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Pola and Pinamalayan fail water quality test results, groups question lifting of fishing ban

Protect VIP, a coalition of communities, sectors, and environmentalists advocating for the protection of the Verde Island Passage (VIP) and communities affected by the oil spill disputed the lifting of the fishing ban in Oriental Mindoro after water quality test results show that Pola and Pinamalayan exceeded the water standards for oil and grease.

The Center for Energy, Ecology, and Development (CEED), a co-convenor of the Protect VIP Network, conducted a rapid assessment of water quality standards for oil and grease last July 17 in six marine protected areas (MPAs) in Pola and Pinamalayan, five of which failed the Department of Environment and Natural Resources standards for oil and grease levels.

According to Brent Ivan Andres, environmental scientist and Head of the Oceans, Coastal Communities, and Climate Program of CEED, the MPAs that failed the water quality standards exhibited high levels of oil and grease and is deemed polluted for the protected waters classification.

“The results showing MPAs are polluted is a big cause of concern as these areas serve as breeding grounds for fish. The interconnectivity of our waters and fish spillover tells us that fish don’t stay in one place which exposes the communities, not just in Pola and Pinamalayan, to the possibility of ingesting fish that is not safe for consumption,” said Andres.

MPAs that show high levels of oil and grease are Ranzo Fish Sanctuary and Banilad Simbrio Fish Sanctuary in Pinamalayan; and St. John the Baptist Reserve, St. Peter the Rock, and King Fisheries Reserve in Pola.

Andres also called for transparency and accessibility of the water quality testing results conducted by the Bureau of Fisheries and Aquatic Resources (BFAR) prompted Oriental Mindoro Governor Humerlito "Bonz" Dolor to announce in a Facebook post on Wednesday that fishing and other activities are now open on all coasts of Oriental Mindoro.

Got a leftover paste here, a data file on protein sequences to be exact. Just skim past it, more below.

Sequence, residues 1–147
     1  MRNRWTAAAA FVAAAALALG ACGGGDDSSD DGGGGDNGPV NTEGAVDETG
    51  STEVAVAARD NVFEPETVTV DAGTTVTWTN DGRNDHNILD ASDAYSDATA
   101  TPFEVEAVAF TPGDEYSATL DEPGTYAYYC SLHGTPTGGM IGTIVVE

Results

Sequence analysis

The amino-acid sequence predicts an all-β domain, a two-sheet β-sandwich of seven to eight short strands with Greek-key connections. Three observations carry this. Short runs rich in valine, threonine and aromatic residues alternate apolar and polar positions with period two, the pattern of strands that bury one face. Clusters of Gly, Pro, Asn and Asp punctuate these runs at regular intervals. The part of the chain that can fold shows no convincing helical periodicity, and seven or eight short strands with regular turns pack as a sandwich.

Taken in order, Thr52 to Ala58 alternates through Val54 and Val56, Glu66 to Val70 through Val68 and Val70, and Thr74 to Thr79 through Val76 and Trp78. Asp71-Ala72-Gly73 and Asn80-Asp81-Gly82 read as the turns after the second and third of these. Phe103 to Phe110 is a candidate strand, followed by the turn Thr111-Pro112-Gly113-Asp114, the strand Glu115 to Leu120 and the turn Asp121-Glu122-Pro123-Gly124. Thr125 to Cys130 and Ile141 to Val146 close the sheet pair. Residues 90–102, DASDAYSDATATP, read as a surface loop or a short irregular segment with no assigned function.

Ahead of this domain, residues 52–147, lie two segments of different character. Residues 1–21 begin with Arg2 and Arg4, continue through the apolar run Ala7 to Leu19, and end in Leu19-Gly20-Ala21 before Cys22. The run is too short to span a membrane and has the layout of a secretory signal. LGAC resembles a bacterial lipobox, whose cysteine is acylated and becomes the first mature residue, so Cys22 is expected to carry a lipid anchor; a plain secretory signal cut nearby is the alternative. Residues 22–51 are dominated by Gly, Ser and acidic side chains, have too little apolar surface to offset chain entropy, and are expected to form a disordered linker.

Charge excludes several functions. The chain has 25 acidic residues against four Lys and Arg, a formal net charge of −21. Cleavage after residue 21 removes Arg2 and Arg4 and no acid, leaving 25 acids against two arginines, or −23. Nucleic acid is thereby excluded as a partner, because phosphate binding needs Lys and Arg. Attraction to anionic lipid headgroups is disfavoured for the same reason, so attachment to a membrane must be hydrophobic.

“We call on BFAR to provide the actual data and release the results of their water quality tests to see if it is comprehensive enough to merit the lifting of the fishing ban. Almost five months into the oil spill, information such as the exact sites of sampling, and when and how often their tests were conducted must be accessible to guarantee the safety of our fisherfolks and the community as a whole. The results of our water quality tests corroborate the physical presence of oil traces and tar balls still along the shores of Pola that we saw this week during our on-the-ground assessment,” added Andres.

Pola Mayor Jennifer “Ina Alegre” Cruz raised the alarm on the impact of the resumption of fishing activities in Oriental Mindoro given the levels of pollution in Pinamalayan and Pola.

“Since the beginning, I have been wary of what seemed to be a premature lifting of fishing bans in other municipalities of Oriental Mindoro and the test results from CEED confirm my fears. It is worrying that the fishing ban in Pinamalayan was lifted last June 26 and yet its waters are not safe. I advised those who would resume their normal fishing operations to do so far from the polluted shoreline. My constituents have suffered enough because of the oil spill and I will not sacrifice their welfare and safety further. This puts into question the possible health impacts on my people who would resume their normal fishing operations. Why is there such a hurry in declaring the oil spill crisis over if the data shows otherwise?” said Cruz.

Father Edwin Gariguez, lead convenor of Protect VIP, also appealed to the President a few days before the State of the Nation Address to prioritize the issue and ensure a full resolution to the oil spill.

“Mr. President, the oil spill is not over yet as confirmed by the physical sightings of oil and the water quality results. But more importantly, the aftermath of this tragedy goes beyond what the eyes can see: the loss of livelihoods, the families whose daily lives have been disrupted, and the ecological destruction of the biodiverse waters of the Verde Island Passage. Before rushing into staking victory in the oil spill crisis, we demand a concrete plan for continuous clean-up, just compensation, accountability, rehabilitation, and policy and legal reforms to protect the Verde Island Passage and prevent similar incidents in the future,” said Gariguez.



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